if (commonName != null
                        && matchHostname(hostname, commonName)) {
                    return;
                }
            }
            throw new SSLPeerUnverifiedException(
                    "No host name in the certificate did not match the requested host name.");
        }
    } catch (CertificateParsingException e) {
        /*
         * It's quite likely this exception would have been thrown in the
         * trust manager before this point anyway.
         */
        throw new SSLPeerUnverifiedException(
                "Unable to parse the remote certificate to verify its host name: "
                        + e.getMessage());
    }
}

public boolean isIpv4Address(String hostname) {
    String[] ipSections = hostname.split("\\.");
    if (ipSections.length != 4) {
        return false;
    }
    for (String ipSection : ipSections) {
        try {
            int num = Integer.parseInt(ipSection);
            if (num < 0 || num > 255) {
                return false;
            }
        } catch (NumberFormatException e) {
            return false;
        }
    }
    return true;
}

public boolean matchHostname(String hostname, String certificateName) {
    if (hostname.equalsIgnoreCase(certificateName)) {
        return true;
    }
    /*
     * Looking for wildcards, only on the left-most label.
     */
    String[] certificateNameLabels = certificateName.split(".");
    String[] hostnameLabels = certificateName.split(".");
    if (certificateNameLabels.length != hostnameLabels.length) {
        return false;
    }
    /*
     * TODO: It could also be useful to check whether there is a minimum
     * number of labels in the name, to protect against CAs that would issue
     * wildcard certificates too loosely (e.g. *.com).
     */
    /*
     * We check that whatever is not in the first label matches exactly.
     */
    for (int i = 1; i < certificateNameLabels.length; i++) {
        if (!hostnameLabels[i].equalsIgnoreCase(certificateNameLabels[i])) {
            return false;
        }
    }
    /*
     * We allow for a wildcard in the first label.
     */
    if ("*".equals(certificateNameLabels[0])) {
        // TODO match wildcard that are only part of the label.
        return true;
    }
    return false;
}

public String getCommonName(X509Certificate cert) {
    try {
        LdapName ldapName = new LdapName(cert.getSubjectX500Principal()
                .getName());
        /*
         * Looking for the "most specific CN" (i.e. the last).
         */
        String cn = null;
        for (Rdn rdn : ldapName.getRdns()) {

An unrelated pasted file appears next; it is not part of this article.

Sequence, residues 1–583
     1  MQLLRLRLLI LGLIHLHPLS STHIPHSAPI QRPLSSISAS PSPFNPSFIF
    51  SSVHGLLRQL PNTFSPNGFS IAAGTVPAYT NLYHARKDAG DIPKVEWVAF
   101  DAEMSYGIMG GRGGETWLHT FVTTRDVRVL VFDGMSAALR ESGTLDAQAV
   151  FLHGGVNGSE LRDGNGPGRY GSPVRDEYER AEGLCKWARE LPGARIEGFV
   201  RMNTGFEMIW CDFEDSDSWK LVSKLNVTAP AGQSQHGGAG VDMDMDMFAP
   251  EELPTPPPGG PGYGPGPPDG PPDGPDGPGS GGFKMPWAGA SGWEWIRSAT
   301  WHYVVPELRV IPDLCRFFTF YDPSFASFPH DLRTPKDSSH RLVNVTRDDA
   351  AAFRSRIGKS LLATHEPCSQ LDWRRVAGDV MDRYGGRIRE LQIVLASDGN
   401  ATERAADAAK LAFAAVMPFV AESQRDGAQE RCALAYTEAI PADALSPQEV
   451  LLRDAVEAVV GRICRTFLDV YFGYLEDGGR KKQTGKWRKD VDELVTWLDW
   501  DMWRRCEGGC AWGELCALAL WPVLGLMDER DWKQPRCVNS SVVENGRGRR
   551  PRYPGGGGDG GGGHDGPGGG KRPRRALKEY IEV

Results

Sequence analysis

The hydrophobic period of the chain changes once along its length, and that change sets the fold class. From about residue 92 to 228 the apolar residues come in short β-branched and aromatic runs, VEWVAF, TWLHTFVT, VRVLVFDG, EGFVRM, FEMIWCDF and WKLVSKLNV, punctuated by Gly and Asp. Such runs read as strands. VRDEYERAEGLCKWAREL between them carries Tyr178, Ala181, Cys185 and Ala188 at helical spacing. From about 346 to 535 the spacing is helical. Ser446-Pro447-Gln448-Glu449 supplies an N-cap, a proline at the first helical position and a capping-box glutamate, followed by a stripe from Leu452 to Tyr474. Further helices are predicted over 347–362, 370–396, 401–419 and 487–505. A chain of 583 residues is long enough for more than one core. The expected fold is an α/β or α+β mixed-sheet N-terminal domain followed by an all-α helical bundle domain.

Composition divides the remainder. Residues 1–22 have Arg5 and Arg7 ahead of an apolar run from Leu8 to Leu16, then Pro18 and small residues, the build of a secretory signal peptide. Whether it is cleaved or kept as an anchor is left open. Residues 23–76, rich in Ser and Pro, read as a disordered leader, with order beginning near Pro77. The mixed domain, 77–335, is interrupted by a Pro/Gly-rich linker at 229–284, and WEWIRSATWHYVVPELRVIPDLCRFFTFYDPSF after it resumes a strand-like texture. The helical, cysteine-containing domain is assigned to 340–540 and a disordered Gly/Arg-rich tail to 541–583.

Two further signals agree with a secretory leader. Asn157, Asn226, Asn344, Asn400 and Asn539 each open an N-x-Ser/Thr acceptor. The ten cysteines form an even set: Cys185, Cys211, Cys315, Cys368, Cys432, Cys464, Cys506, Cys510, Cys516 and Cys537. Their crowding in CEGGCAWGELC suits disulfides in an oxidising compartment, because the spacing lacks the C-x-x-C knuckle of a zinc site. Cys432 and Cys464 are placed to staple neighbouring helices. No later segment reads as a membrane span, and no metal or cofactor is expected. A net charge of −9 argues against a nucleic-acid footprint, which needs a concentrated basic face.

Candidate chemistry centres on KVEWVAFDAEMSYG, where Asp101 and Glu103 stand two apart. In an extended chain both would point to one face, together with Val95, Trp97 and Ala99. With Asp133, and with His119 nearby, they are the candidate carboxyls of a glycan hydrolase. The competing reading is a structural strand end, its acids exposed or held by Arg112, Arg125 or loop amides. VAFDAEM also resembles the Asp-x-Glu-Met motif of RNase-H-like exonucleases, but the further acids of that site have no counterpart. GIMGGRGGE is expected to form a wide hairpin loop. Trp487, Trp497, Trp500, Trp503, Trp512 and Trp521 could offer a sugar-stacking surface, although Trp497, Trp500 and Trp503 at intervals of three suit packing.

if ("CN".equalsIgnoreCase(rdn.getType())) {
                cn = rdn.getValue().toString();
            }
        }
        return cn;
    } catch (InvalidNameException e) {
        return null;
    }
}

/* BouncyCastle implementation, should work with Android. */
public String getCommonName(X509Certificate cert) {
    String cn = null;
    X500Name x500name = X500Name.getInstance(cert.getSubjectX500Principal()
            .getEncoded());
    for (RDN rdn : x500name.getRDNs(BCStyle.CN)) {
        // We'll assume there's only one AVA in this RDN.
        cn = IETFUtils.valueToString(rdn.getFirst().getValue());
    }
    return cn;
}

There are two getCommonName implementations: one using javax.naming.ldap and one using BouncyCastle, depending on what's available.

The main subtleties are about:

  • Matching IP address only in SANs (This question is about IP address matching and Subject Alternative Names.). Perhaps something could be done about IPv6 matching too.
  • Wildcard matching.
  • Only falling back on the CN if there is no DNS SAN.
  • What the "most specific" CN really means. I've assumed this is the last one here. (I'm not even considering a single CN RDN with multiple Attribute-Value Assertions (AVA): BouncyCastle can deal with them, but this is an extremely rare case anyway as far as I know.)
  • I haven't checked at all what should happen for internationalised (non-ASCII) domain names (see RFC 6125.)

EDIT:

To make my proposal of "borrow from Apache HttpComponents" more concrete, I've created a small library which contains the HostnameVerifier implementations (most notably StrictHostnameVerifier and BrowserCompatHostnameVerifier) extracted from Apache HttpComponents. [...] But firstly, is there any reason I shouldn't do it this way?

Yes, there are reasons not to do it this way.